Another alternative would be sourcing or making your own three button cable and pairing it with some of the portable headphones that take standard removable cables... V-Moda's M-80 or XS (highly acclaimed by Inner Fidelity) would be one option.

I've got the M-80 and even tho the one button remote never bothered me I still replace the stock cable often to use a shorter one when I pair them with a Bluetooth receiver clipped to my sleeve.

I'm actually looking to upgrade to the XS for the collapsible design, ever since the first M-100 leaks came out I said an M-80 with Cliqfold would be my ideal portable on ear headphone... Just gotta sell my M-80 first!

ljokerl's picture
3-button Android remotes are incredibly rare, which is part of what makes the Piston special. With a regular 1- or 3-button remote you have more options but still not too many. I would go with the Etymotic HF2 or HF3 for balanced sound and the RHA MA750i for enhanced bass. I'm still waiting for someone to sell a good-quality aftermarket MMCX headset cable to convert any of the current detachable-cable earphones into a proper headset.
tonylee5566's picture

get a check Genuine or fake Xiaomi Piston 2 Headphones knowledge guide ... Genuine xiaomi piston headphones, packaged beautifully detailed, without any flaws, you can check packaging materials, font color, headphones Metal housing. http://blog.nextbuying.com/how-to-buy-genuine-xiaomi-piston-2-headphones...

Downforce's picture

Wish I could. There's an earlier comment about the inset mesh screen on the ear tube on genuine ones, but obviously this can't be determined until they're received, so this seems to be a deal breaker re the Pistons.

The website http://www.xiaomiworld.com/ no longer works. The link to the Xiaomi English home page leads here: http://www.mi.com/en/ Perhaps this is a source for the genuine Pistons.

Impulse's picture

Sweet find joker, excellent review as always. I take it these are already a FotM at Head Fi? If they aren't they're bound to be...

Two questions, did anyone on Head Fi mention what EBay buyer they used? Would help in tracking them down... More to the point of the review, did I miss it or did you not mention what tips they come with?

Is it just the usual three sizes of silicons or what? I think you said on the first page the latest version come with different tips, but not what those are.

ednaz's picture

Just got my set, they're the second generation. Picked up on Amazon, where the vendor gives a really good piece of info... "if they're not over $20, they're probably fake, because of what they cost initially."

I just ran them through a bunch of my "take THAT, speakers or headphones" selections and these little earphones punch way, way above their weight. Jaco Pastorius' bass on Cotton Avenue; the bass on CSN's Dark Star - both have been champs at sorting out blat from bass, and every bit of bass musicality came through clean, clear, and precise. That open back is clearly at work there - I listened to a couple of things alternating between covering the opening on the back with my fingers, then letting it be open, it makes a huge, huge difference.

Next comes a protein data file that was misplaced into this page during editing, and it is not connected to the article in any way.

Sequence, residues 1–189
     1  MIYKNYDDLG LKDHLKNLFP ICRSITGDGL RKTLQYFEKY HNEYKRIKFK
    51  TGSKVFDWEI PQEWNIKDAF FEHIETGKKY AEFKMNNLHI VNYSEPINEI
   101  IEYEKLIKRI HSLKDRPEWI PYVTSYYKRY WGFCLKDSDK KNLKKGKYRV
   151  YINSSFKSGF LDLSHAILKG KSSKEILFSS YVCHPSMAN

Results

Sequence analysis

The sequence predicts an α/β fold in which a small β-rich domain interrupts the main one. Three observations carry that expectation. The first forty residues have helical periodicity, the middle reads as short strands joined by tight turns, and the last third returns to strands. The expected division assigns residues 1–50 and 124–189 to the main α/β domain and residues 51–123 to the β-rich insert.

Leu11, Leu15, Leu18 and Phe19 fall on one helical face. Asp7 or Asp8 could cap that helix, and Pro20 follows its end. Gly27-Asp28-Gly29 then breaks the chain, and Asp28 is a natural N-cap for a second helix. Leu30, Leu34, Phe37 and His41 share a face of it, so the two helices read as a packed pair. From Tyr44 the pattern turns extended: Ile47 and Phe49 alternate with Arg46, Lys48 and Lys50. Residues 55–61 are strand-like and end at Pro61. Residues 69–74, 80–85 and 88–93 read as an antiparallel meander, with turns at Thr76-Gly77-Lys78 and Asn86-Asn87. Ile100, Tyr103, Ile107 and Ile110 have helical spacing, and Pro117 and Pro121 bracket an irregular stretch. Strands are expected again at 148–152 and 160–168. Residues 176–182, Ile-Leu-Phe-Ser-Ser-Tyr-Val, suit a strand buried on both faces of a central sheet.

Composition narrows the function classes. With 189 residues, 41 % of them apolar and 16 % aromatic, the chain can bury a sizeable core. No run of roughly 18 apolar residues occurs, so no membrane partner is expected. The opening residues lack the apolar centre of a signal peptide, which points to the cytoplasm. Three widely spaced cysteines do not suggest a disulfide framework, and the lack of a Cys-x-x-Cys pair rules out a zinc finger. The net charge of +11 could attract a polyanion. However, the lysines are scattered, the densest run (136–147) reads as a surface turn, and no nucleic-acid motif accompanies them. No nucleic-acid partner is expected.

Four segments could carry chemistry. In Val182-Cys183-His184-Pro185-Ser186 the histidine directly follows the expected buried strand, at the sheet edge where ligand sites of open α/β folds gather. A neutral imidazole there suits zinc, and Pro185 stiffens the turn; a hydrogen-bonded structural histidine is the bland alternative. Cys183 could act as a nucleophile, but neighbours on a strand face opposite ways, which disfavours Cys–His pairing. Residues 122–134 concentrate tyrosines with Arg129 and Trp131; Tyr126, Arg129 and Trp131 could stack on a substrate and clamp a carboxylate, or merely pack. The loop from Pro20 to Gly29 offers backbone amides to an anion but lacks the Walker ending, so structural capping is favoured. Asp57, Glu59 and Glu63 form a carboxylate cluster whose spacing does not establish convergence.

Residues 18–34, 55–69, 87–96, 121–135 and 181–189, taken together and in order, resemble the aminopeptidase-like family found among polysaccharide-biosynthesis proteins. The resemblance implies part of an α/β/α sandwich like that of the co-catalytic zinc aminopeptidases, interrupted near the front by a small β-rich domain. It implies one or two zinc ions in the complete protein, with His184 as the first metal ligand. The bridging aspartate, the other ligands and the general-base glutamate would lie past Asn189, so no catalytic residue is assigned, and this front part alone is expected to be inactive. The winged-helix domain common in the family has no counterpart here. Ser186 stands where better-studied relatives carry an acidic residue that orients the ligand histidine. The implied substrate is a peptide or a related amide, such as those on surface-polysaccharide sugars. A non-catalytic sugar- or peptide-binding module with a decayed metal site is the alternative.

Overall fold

Listened to some Cubaton, some samba, a little new folk, some be-bop, and I'm completely amazed at the sound quality. Yes, a little U shaped, but not much, voices didn't sound veiled. Most impressive to me was imaging and size of soundstage. At this price I'd expect the whole band to be in my head, but instead they were all around me - I could point to each player.

Put on some binaural recordings and had one of those "binaural moments" where I sat up sharply in my chair thinking I heard someone whispering in my front hall, and I'm the only one home... then remembered that same moment had messed with my head before, but only with my CIEMs and my best headphones.

They are lovely, the packaging is very smart and well done. The silicon tips don't fit me well - the large were too loose, but I think part of that is because they're soo small that you're stuffing the metal into your ear to get a seal. Need to work on that a bit. But for what they cost - even not considering cost - these are going to be heavily used when I don't want to use my CIEMs.

Hugely impressed.

ljokerl's picture
long before I got wind of them, in the original iteration. The first generation wouldn't have impressed me much, though, so I'm glad I got to try the 2.0 right away. This was the eBay seller I was recommended for legit Pistons: http://www.ebay.com/itm/380861393335 There are just the standard 3 sizes of tips on all versions, just different quality from what I understand.
Long time listener's picture

I have both the Xiaomi and the Philips TX1, and to my ears, the TX1 provides a more pleasing balance overall. And I think reference to Tyll's measurements shows why.

Even though the levels of bass--relative to treble at around 10kHz--are identical, the Xiaomi sounds like it has "too much bass." The TX1 doesn't, however, because the levels of the low bass and the midrange have been lifted slightly. The TX1's balance sounds natural and without undue bass emphasis due to this slight shift.